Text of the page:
Social Media Becomes Social Business May 3, 2012

Written by: Larry Weintraub
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As social media matures, so too do its related expectations. We’re in the midst right now of a transition from social media to social business. Sure, we’ve all been searching for the ROI associated with our Facebook and Twitter endeavors for a few years now, but what we’re really starting to see is a fundamental shift in the way social media fits within a company.

Back in my music business days, the Internet guys (or should I say – guy) were the last ones consulted on what to do with a new artist. Today they lead the conversation. As do the respective leaders in film, television, and publishing.  Businesses outside of entertainment are quickly gaining traction in that area too as digital becomes core to the launch of any new product from all aspects including market research and product development. 

Digital and social media find themselves at the center of a business’ strategy and not the add-on. Thus the transition from social media to social business. These days, when we get called in to talk about social media with a brand, for the most part they already have a significant presence on Facebook, Twitter, Google+, YouTube, LinkedIn, and even Pinterest. The conversations have become far less about how can we help you get to a million fans on Facebook and more about how can we turn those virtual fans into even bigger fans of the brand. And let’s cut to the chase – we want those fans to buy more and tell others to buy more.

A social business strategy is more complex than a social media strategy. It involves multiple divisions of a company and it involves buy-in from the senior level. All you have to do is look at what Walmart and American Express are doing to understand that social is quickly becoming a core part of some of the biggest companies in the world.

A social business strategy is essentially a collection of strategies that work together to ultimately drive loyalty and sales.  This includes:

  • Analytical Strategy – Analysis of action to date – a deep understanding of what is working and what hasn’t.  You’ve most likely spent at least a year trying things in the social space, what are the results?  What are the needs identified such as personnel, better reporting, data analysis, training, etc.?
  • Establish a Value Proposition – Have you identified what your customer wants in exchange for being part of your social presence? What’s in it for them?
  • Growth Strategy – You probably have a semi-arbitrary goal for the amount of fans you want following you on your various social properties. Do you have a legitimate reason for this number or does 1 million or 2 million Facebook fans just sound like a good number to report to the bosses? Have you studied the direct competition? Have you studied the quality of fan that you currently have and identified where they came from and how often they participate? We’ve all heard the quality vs. quantity argument, but have we really spent time determining if every new fan is as valuable as the ones that came before?  Have you used every asset you have at your fingertips such as email, in-store signage, better presence on your website, or integration with your advertising efforts? Before you start buying those fans with Facebook ads, have you tried to convert your actual customers?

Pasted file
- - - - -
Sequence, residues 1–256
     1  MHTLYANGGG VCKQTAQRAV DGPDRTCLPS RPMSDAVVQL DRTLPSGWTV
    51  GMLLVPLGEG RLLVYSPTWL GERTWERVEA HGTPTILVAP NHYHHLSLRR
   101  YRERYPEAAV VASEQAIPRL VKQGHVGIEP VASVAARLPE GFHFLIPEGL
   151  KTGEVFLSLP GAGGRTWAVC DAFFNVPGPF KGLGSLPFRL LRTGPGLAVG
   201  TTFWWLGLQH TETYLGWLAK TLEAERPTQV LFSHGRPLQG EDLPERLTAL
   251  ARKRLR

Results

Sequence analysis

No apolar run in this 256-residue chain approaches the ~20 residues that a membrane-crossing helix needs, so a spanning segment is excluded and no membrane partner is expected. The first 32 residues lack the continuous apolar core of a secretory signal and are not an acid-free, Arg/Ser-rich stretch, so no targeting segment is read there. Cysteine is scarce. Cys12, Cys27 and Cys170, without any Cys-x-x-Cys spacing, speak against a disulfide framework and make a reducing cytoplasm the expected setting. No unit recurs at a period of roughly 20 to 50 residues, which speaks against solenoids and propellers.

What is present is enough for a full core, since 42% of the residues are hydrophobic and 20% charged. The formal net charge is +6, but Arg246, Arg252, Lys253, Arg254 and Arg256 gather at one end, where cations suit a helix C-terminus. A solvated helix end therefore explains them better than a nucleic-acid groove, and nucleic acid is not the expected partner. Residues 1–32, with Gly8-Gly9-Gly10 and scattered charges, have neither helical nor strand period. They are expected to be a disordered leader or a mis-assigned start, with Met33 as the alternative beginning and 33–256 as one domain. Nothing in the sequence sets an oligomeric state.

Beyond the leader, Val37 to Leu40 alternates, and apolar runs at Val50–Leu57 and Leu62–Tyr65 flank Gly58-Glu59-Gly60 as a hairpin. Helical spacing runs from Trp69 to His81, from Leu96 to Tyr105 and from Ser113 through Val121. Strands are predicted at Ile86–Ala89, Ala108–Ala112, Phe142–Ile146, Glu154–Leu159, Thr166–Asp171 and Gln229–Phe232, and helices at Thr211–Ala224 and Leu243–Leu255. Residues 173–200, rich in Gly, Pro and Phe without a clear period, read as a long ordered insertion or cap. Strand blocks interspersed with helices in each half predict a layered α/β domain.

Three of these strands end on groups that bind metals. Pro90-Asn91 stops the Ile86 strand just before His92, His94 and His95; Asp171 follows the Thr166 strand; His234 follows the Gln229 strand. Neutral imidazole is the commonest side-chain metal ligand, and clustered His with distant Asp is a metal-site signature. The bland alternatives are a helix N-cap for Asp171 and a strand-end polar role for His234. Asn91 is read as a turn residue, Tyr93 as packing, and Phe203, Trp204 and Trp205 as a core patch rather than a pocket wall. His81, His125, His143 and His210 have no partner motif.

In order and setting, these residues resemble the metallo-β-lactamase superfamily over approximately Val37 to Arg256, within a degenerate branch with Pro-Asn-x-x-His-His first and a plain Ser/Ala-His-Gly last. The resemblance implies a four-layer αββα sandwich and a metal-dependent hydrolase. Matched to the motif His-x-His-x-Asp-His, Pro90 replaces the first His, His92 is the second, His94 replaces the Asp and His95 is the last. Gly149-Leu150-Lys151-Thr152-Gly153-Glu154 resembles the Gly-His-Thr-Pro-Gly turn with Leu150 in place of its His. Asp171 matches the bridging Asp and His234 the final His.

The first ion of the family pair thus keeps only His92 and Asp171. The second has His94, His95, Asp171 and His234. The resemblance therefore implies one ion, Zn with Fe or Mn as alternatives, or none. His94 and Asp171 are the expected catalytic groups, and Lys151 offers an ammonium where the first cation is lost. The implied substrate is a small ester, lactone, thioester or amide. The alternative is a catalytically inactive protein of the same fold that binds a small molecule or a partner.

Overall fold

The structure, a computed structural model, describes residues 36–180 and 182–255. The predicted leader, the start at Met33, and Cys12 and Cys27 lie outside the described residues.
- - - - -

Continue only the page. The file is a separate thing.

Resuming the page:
• Activation Strategy – What do you do with people when they become a fan?  This is also known as community management. You’ve got them there, now what do you do with them? Do you actually engage with them or do you just recite quotes from famous people and send out 25% discounts on things they don’t necessarily want?  Do you have the proper resources to manage your community? 
  • Content Strategy – One of the most important strategies in showcasing your company and your products. We’re a visual society and the smartphone revolution is making it easier to take photos and capture video at a quality previously owned by Nikon and Canon.  You need a definitive approach to not only capturing content but how you disseminate it.  Is your content compelling? Is it real? Is it sharable?  
  • Mobile Strategy – Everything we do on our desktops and laptops is headed into the palms of our hands. Every point made above should have mobile factored in as well. View this presentation to really get the point.

I could go on, but any more and you’ll start getting dizzy and ask yourself how on earth you could ever get all of that done. The point is that everything I stated above is meant to drive more business your way. It asks you to take a good look at what you are doing and whether you have the right process in place to make this work. Again, this is for your business, not for bragging rights.